Travel guide and tips


What to bring
Airport taxes
What to wear

Currency exchange

Business hours
Public Holidays

Business hours

Offices are usually open from Monday to Friday from 07:30 or 08:00 until 17:00 or 18:00 and often close for lunch between 11:30 and 13:00. Some offices also open Saturday morning. Shops open early and close any time between 18:00 and 22:00. Most shops are open 7 days a week.


Public holidays

January 1: New Year's Day

January/February: Tet or Vietnamese New Year. The actual dates vary from year to year according to the lunar calendar. Officially 3 days holiday but many businesses close down for a full week. This is the busiest time of the year for traveling in Vietnam and hotels, flights and trains are often full.

April 30: Liberation of Saigon Day

May 1: International Labor Day

May 19: Birthday of Ho Chi Minh

September 2: National Day

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Vietnamese people are very friendly, polite and generous in general and will make every effort to have foreign guests feel comfortable. In the cities and country towns alike, do not be surprised to be invited home to meet the family of someone you have just met, these are the experiences that will enrich your visit to Vietnam.

We are conservative in our dress. Wearing shorts are tolerated, unless you enter a culturally sensitive area such as a temple or pagoda. Keep in mind that, although tolerant, people may be judgmental.

Unfortunately, there are still some problems with petty theft and pickpockets. This is more prevalent in Ho Chi Minh City (Saigon) and Nhatrang. You should not be paranoid about this but just be aware of your surroundings. Below is a list of Do’s and Don’ts to help you avoid some of the social taboos during your visit. Take these into consideration and you will be rewarded with a culturally and socially enriching experience.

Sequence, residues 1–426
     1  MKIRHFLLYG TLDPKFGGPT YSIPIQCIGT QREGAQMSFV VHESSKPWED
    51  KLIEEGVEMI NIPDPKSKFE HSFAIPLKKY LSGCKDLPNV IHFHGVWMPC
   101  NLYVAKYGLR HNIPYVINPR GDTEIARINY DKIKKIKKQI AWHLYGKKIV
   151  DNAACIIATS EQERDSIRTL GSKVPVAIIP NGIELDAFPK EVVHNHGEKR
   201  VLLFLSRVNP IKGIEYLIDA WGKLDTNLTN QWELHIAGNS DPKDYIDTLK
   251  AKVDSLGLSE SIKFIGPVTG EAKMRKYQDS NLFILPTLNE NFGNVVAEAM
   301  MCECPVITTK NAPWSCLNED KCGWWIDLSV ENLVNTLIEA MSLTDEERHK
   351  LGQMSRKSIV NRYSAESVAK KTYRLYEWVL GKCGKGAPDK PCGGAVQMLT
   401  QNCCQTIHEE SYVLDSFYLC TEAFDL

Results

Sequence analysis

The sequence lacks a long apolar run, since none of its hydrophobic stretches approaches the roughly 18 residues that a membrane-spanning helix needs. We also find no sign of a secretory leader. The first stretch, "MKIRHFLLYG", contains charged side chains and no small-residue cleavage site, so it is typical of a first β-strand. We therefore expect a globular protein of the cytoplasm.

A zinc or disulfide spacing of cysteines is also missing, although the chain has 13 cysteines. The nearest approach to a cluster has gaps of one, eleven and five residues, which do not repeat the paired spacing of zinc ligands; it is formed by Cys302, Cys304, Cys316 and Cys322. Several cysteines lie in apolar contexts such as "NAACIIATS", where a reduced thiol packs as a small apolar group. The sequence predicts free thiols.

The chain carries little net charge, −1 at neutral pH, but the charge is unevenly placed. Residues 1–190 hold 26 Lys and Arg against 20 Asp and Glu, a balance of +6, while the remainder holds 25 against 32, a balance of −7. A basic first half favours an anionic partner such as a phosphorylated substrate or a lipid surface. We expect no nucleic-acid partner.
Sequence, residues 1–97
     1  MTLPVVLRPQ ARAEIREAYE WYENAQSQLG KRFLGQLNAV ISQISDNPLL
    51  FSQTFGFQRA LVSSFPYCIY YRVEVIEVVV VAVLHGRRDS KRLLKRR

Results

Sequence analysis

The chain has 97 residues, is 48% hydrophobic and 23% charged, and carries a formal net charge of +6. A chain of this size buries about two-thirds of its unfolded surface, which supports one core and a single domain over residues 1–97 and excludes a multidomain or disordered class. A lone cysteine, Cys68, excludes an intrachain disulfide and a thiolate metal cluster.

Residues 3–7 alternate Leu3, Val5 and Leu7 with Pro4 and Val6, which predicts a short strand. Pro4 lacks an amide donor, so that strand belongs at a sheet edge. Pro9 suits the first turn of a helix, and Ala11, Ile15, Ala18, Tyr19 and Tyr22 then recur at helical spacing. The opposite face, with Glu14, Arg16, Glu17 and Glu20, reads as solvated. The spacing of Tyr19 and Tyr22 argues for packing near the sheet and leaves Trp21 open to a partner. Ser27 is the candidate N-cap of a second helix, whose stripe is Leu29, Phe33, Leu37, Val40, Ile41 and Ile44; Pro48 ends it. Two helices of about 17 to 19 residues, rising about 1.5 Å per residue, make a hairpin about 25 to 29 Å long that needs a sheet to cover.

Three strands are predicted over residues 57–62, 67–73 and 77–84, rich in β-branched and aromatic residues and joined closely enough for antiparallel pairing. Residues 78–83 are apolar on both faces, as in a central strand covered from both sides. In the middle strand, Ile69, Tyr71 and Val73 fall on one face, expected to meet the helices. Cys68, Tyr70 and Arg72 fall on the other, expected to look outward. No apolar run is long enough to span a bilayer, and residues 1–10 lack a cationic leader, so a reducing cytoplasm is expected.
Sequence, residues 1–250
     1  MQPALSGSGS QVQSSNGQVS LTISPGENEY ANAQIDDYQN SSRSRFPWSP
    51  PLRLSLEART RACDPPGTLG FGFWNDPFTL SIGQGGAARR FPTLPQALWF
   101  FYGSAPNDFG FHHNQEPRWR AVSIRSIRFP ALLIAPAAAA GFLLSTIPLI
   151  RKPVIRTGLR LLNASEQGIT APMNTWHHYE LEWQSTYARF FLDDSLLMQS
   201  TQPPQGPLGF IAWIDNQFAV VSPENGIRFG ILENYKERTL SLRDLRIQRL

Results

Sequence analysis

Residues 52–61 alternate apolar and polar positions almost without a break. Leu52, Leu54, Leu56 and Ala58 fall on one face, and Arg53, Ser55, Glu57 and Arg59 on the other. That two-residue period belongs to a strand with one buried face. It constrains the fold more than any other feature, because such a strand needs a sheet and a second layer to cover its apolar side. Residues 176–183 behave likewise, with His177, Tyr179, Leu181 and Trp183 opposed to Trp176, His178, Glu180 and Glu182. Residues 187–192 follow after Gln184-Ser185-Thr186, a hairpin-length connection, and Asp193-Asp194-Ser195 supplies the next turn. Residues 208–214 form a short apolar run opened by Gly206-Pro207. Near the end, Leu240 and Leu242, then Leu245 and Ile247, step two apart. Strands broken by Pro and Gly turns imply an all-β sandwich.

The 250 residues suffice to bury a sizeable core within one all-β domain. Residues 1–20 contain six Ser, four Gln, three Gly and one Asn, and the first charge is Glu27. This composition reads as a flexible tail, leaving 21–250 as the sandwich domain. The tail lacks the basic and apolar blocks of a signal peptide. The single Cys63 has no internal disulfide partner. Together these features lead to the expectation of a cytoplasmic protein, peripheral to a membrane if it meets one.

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ALWAYS drink plenty of bottled water. During the summer months you should be drinking a minimum of 2 litters per day. If you drink tea, coffee & alcohol you should increase you water intake accordingly as these will help to dehydrate you.
Before venturing out from your hotel, ensure you have a hotel business card from the reception desk. This will make your return to the hotel in a taxi or cyclo a lot easier.
For longer excursions from your base hotel, it is always a good idea to carry a roll of toilet paper in your daypack. You never know when you will need it.
ALWAYS dress appropriately. Not only for the prevailing climatic conditions, but also not to cause offence to the local people. Vietnamese have conservative dress codes and it is only in larger cities that these codes are relaxed a little. Do not wear revealing clothing.
ALWAYS leave your excess cash, airline tickets, passports and valuables with the hotels safety deposit facility.
ALWAYS notice when entering someone’s house, at some houses it is a must to remove your shoes at the front door.
ALWAYS ask his or her permission first when taking a photograph of someone. If they indicate that they do not want you to, then abide by their wishes. DO NOT push the issue or offer money.

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NEVER wear singlets, shorts, dresses or skirts, or tops with low-neck lines and bare shoulders to Temples and Pagodas. To do this is considered extremely rude and offensive.
NEVER give your empty water bottles, sweets and candies to the local people when trekking through ethnic minority villages. You cannot guarantee that the empty bottles will be disposed of in a correct manner and most of these people do not have access to dental health. If you would like to give pens/paper, ask your guide to introduce you to the local teacher and hand them to the teacher for distribution.
NEVER sleep or sit with the soles of your feet pointing towards the family altar in someone’s house.
NEVER venture out from your hotel with more cash than you really need for that day. It is NOT something to be paranoid about, simply do not make yourself a target for pickpockets or drive-by bag snatchers in the big cities. Ho Chi Minh City seems to be a little worse than anywhere else in Vietnam is. On the whole it is one of the safest countries you could wish to travel in.
NEVER lose your temper in public or when bargaining for a purchase. This is considered a serious loss of face for both parties. Always maintain a cool and happy demeanor and you will be reciprocated with the same.
NEVER try and take photographs of military installations or anything to do with the military. This can be seen as a breach of national security.
NEVER take video cameras into the ethnic minority villages. They are considered to be too intrusive by many local people.

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